Neighborhood Writing Alliance and the Journal of Ordinary Thought

King Branch Library writing workshop

King Branch Library writing workshop, Neighborhood Writing Alliance. Click on the photo to visit the Alliance's Flickr page.

We’ve recently been made aware of  a wonderful Chicago-based organization that brings together popular education theory with participant-based engagement in the arts. They work to envision, as their mission statement says, “a society where adults connect through creative communities in which writing, discussing, and publishing personal narrative leads to civic engagement, neighborhood vitality, and social transformation.”

Radmila Lunic, Bezazian Branch Library workshop

Radmila Lunic, Bezazian Branch Library workshop. Image by Cristina Rutter

The Neighborhood Writing Alliance creates opportunities for adults in Chicago’s under-served neighborhoods, leading writing workshops where participants write, publish, and even perform, works about their everyday lives. The participants’ writings are published in the award-winning quarterly Journal of Ordinary Thought.  Founded on the premise that ‘”every person is a philosopher,” the journal is a “vehicle for reflection, communication, and change.”

Creative Resistance_06

Artwork from the 2011 summer workshop, Testify: JOT Writers on Creative Resistance: Art as Activism"

Like much of participatory-based education and research, the journal is based around the theory that when adults have the space and encouragement to write and communicate about their own lives—in their own words— they can work together to envision and create lasting solutions to pressing problems and re envision a more holistic existence for both themselves and their larger communities. The writing process can acknowledge and expose vulnerability. Yet in this vulnerability lies immeasurable strength.

The Neighborhood Writing Alliance originally began in 1996 as was an initially an outgrowth the Journal of Ordinary Thought, rather than the other way around.   Writing in an email, folklorist and workshop leader Susan Eleuterio notes that from 1991 to 1995 the JOT was sponsored by the College of Education at the University of Illinois at Chicago. Over the years community support has grown and more than two thousand Chicago adults have participated in the writing groups in public libraries and public schools (with parents), social service agencies, public housing projects, transitional housing facilities, park district field houses, and churches.

One of the wonderful things about the Alliance is the lasting role it can play in both the larger community and individual lives.  Many of the writers go on to the “master class” where they work with seasoned, professional writers and have the opportunity to hone their craft.

Akbar Beya, St. Leonard's House

Akbar Beya, St. Leonard's House Photos by Sheila Barabad

The journals are thoroughly placed -based and reflect  the beauties and concerns of the neighborhoods in which the workshops are held.  Some of the journals are also theme-based, tackling conversations like “Formal and Informal Education,” “Our Environment,” “Testify: JOT Writers on Creative Resistance,” or “Where I’m From.”  The latter is an examination of how we conceptualize, formulate, and interpret our own sense of place and identity and how we communicate this to ourselves and others. These place-based discussions open the doors for conversations across neighborhoods and collective solution building.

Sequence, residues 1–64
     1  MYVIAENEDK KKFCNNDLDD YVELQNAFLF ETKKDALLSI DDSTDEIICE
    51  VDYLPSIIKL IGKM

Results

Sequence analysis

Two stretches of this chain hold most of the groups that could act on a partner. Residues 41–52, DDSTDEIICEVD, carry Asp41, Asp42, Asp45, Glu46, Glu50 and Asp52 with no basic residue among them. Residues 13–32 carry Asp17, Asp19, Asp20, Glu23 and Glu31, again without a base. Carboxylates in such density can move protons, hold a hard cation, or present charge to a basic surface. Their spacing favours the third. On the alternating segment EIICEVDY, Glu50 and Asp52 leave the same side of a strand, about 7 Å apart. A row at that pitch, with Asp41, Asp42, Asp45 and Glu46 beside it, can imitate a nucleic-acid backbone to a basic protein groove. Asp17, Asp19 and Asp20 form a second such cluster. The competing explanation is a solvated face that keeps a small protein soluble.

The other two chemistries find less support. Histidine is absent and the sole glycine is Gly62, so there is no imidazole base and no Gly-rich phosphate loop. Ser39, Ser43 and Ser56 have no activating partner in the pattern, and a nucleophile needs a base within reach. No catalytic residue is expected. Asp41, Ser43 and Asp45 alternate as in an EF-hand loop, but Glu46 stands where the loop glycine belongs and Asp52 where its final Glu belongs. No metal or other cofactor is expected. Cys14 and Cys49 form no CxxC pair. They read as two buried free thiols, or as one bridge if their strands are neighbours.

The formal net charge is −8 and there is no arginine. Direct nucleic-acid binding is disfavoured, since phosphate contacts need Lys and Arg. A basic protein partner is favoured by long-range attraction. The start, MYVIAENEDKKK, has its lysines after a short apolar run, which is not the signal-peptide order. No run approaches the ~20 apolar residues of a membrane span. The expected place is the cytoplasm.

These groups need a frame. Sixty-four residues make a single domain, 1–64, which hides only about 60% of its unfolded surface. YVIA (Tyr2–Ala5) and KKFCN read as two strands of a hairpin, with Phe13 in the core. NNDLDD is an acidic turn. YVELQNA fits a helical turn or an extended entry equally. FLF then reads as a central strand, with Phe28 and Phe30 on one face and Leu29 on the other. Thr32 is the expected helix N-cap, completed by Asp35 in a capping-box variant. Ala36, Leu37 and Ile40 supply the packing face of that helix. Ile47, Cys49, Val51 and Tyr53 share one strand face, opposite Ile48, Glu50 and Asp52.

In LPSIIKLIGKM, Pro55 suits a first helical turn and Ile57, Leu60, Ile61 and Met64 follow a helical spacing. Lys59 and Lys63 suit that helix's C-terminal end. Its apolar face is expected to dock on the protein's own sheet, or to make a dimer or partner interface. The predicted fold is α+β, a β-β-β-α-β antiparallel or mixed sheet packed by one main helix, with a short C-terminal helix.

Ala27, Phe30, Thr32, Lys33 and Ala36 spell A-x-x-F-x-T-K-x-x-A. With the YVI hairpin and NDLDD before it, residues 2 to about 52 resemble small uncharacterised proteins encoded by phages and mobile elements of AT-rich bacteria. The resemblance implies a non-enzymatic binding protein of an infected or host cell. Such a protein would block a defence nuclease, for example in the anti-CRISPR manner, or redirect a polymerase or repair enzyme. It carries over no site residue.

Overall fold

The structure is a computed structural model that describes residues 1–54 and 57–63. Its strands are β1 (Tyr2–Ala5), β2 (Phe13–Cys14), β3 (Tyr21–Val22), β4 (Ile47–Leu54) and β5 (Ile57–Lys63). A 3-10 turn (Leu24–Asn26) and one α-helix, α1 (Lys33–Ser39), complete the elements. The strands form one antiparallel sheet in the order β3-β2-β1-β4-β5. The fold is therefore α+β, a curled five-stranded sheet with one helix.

You can find many of the writings, as well as extended discussions about the published pieces, on the journal’s blog, The Front Porch.  Assistant Director Hollen Reischer pointed us to this piece by Earlene Strickland, which, she says, “directly speaks” to the organziation’s larger mission.



My Walk Around the Sun by Earlene Strickland

As of writing this
My walk around the sun has been 42 years,
6 months, 7 days, 23 hours and 14 minutes
My walk has created The History of Earlene M. Strickland

The main story happens to be my life
My African History
My American History
My Woman History
My History
All mine

The choice of what I like
The choice of what I believe

As I tell my sacred story
Others want to discount it, reword it, rewrite it,
But I need to demand recognition for my point of view
Because the right to tell my own story means power

My walk
Tells that I exist
That I am important
That I matter

Who chooses who matters?
I take that privilege out of their hands.

The Roman Empire, the great Pyramids
Some kings walk separate, some overlap
Napoleon’s walk, Caesar’s walk
Who chooses why
Their stories are more important than mine?

To learn more about the Neighborhood Writing Alliance visit them online here. 

There are so many wonderful and moving portraits on the Alliance’s Flickr stream and here are just a few.  To see more click here. What are some of your thoughts on the role of writing and the solutions the process can help bring about?  We’d love to hear your thoughts and hear how writing plays a role in your own life or community! 


Pennie Brinson, Mabel Manning Branch Library workshop

Pennie Brinson, Mabel Manning Branch Library workshop Photo by Cristina Rutter

Leticia Jimenez, San Lucas Church

Leticia Jimenez, San Lucas Church Photos by Sheila Barabad


Mayi D. Ojisua, Bezazian Branch Library

Mayi D. Ojisua, Bezazian Branch Library Photo by Cristina Rutter